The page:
It’s simple really. First, you wake up.
There’s a sound coming from outside your window that you can only equate to a violent crumpling of paper, loud enough to echo down the entire walkway. But why is someone violently crumpling paper, and why outside your bedroom window at nine o’clock in the morning? You leap out of bed and go to the window, determined to identify the source, silence it, and go back to bed. But in your addled state you’ve forgotten that you can’t see the walkway from your window and you really don’t care enough to go downstairs and look. And now that you’re up, you might as well stay up. First step complete.
Next, you take a shower. You don’t really want to because you don’t feel like getting wet and then having to get dry again, nor do you feel like standing up for another second (after being on your feet for twelve hours yesterday). But you do, because what else is there to do at nine in the morning on a Saturday? Plus, it’ll help wake you up.
It doesn’t, and now you can’t lay back down because your hair is wet and cold. So you walk into the living room and attempt to locate your rabbit. He isn’t under the cabinets or behind the chair in the corner. He isn’t in the wooden hutch placed on the section of carpet he likes to rip from the ground. He isn’t in his cage (why would he be?) and he isn’t eating the food set out on the placemat just outside it. There he is under the table, watching you, waiting for you to find him.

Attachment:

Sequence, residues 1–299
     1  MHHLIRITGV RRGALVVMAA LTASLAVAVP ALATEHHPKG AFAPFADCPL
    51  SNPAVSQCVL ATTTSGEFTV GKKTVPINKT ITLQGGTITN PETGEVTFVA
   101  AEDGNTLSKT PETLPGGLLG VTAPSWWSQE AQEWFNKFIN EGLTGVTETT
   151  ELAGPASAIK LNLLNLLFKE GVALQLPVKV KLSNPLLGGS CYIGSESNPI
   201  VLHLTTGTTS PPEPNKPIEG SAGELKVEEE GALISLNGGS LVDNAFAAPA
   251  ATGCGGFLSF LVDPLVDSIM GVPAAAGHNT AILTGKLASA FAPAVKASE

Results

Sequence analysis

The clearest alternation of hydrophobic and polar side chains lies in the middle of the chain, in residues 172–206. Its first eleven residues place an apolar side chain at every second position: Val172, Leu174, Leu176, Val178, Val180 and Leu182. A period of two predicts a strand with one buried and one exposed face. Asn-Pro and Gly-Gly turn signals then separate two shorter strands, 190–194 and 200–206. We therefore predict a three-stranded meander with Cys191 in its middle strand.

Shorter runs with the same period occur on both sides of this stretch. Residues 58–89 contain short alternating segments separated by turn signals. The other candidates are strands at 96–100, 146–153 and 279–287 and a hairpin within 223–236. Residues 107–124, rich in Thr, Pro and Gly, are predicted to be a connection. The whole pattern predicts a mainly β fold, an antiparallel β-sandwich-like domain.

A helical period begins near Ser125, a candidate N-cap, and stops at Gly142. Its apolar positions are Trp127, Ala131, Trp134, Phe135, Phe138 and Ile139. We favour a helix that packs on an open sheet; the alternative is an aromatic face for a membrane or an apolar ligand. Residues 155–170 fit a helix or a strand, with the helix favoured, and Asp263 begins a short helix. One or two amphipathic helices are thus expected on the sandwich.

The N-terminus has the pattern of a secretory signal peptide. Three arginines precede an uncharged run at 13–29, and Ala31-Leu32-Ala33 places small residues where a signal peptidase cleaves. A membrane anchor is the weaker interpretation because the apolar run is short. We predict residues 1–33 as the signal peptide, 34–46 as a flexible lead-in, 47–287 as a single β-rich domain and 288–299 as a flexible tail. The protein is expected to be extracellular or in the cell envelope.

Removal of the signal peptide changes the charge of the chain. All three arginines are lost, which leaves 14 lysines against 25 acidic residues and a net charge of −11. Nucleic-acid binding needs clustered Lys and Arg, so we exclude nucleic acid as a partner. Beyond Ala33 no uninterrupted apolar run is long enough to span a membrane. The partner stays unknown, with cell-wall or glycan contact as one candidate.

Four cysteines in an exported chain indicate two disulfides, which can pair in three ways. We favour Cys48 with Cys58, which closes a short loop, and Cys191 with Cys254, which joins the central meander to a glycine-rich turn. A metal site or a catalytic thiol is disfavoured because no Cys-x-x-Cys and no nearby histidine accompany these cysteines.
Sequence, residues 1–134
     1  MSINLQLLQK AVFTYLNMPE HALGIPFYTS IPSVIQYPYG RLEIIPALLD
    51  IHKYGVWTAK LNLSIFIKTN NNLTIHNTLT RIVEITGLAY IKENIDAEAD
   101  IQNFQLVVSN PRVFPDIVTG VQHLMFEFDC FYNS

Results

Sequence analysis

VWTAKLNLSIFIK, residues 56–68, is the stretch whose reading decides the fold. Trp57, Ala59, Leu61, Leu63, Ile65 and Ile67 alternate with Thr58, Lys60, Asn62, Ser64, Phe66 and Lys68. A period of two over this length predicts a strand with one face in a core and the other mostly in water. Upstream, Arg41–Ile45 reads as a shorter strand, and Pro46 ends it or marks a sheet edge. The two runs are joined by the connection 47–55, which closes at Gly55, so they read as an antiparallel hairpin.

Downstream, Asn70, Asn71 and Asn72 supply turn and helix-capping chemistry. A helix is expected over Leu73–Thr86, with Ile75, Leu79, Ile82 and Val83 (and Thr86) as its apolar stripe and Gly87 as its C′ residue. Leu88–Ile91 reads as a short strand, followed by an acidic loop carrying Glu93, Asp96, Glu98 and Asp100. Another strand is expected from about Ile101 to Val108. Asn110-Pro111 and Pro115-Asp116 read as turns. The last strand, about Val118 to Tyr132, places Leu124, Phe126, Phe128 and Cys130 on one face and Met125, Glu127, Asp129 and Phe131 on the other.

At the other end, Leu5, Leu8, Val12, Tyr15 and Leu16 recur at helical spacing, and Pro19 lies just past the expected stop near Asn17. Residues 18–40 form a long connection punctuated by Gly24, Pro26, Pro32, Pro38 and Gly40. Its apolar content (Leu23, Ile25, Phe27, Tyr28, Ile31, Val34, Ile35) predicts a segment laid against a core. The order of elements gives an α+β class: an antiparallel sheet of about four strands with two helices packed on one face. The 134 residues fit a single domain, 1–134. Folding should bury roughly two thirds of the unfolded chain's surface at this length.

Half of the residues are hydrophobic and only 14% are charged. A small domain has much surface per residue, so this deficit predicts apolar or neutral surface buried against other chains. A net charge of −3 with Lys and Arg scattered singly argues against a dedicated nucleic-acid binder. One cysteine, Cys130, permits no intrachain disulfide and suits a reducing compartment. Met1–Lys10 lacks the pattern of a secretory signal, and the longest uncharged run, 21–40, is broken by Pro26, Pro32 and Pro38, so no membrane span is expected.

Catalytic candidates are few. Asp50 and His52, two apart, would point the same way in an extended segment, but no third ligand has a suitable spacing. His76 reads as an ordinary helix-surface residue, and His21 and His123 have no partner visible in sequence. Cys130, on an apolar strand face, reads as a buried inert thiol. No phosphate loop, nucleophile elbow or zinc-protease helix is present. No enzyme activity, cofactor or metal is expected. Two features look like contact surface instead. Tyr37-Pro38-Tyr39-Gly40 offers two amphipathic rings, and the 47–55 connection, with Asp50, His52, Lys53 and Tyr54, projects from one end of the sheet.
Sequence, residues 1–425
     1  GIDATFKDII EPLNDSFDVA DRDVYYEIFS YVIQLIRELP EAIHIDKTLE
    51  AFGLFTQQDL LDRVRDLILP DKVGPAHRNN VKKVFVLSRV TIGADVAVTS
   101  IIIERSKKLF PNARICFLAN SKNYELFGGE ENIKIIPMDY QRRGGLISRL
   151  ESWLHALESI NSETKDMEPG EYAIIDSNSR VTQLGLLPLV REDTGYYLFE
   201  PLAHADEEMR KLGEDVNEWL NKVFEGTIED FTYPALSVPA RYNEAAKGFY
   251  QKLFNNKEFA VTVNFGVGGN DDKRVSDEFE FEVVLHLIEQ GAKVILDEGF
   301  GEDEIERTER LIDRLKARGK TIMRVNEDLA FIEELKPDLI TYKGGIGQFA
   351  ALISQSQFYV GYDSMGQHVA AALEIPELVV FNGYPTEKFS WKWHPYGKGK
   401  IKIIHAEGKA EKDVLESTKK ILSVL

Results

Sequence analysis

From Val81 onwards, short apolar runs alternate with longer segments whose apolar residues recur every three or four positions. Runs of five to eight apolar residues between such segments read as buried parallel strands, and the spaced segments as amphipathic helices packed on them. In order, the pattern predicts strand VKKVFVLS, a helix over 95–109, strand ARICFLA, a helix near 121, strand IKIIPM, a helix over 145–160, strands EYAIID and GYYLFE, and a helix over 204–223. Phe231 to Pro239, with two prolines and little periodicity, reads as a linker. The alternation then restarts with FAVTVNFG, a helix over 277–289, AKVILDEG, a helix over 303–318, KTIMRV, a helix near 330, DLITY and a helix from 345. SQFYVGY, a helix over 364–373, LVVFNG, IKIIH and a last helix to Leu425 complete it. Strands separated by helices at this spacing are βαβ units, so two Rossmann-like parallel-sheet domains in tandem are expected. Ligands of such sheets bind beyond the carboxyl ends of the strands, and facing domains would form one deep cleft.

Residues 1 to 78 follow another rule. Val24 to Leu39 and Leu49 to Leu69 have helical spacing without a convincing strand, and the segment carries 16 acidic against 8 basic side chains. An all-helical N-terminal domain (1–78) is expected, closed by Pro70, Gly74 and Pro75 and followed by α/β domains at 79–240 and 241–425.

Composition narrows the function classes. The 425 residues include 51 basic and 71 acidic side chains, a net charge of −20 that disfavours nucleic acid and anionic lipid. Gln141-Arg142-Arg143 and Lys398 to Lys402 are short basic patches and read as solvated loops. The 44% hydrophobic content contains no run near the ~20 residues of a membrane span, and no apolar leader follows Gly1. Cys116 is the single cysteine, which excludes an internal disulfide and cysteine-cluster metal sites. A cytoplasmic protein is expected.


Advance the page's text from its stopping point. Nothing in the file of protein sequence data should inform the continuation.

You sit at the table and open your computer, because now it’s ten o’clock and that seems like just the thing to do. Your rabbit nudges your foot until you lift it and then burrows his head underneath (because if it’s there it might as well be petting him). You stroke his head and behind his neck while you open a new page and start a post about yesterday. About all of the sights and sounds and feelings. But none of these things seem willing to be put into words. You write a few disconnected sentences and stare at them until the letters start to blur. You copy and paste them into a word document because you think maybe you’ll have more luck over there. You don’t. A sudden stabbing pain in your head has you closing the computer and abandoning your stubborn ideas.
You go over to the couch and lay on your wet hair. It’s cold against your scalp and neck and you shiver, grabbing a blanket from under the coffee table. You start coughing because of the tufts of shed fur that you displaced when you lay down. You wait for them to settle. You begin to wheeze and choke and gag. You stare at your container of allergy pills on the side table across the room and try in vain to pull them toward you with your eyes. You give up, rolling to your feet to retrieve the container, turning on the automated vacuum cleaner on your way back to the couch. It’s 11 o’clock and cleaning seems like a good idea.
The rabbit, as always, is lured out of his hiding spot, intrigued by the robotic movements and sounds; the vacuum, as always, is confounded by the one mass of fur that won’t stay still long enough for it to clean. You watch the vacuum cleaner and the rabbit chase each other around the room until the former gets caught on a throw rug and disables itself and the latter resumes his tongue bath under the dining table.
It’s almost noon. You lay in the silence and stillness, your wet hair seeping into the couch pillow, and think about all of things you aren’t going to do today.
And that is how you waste an entire morning.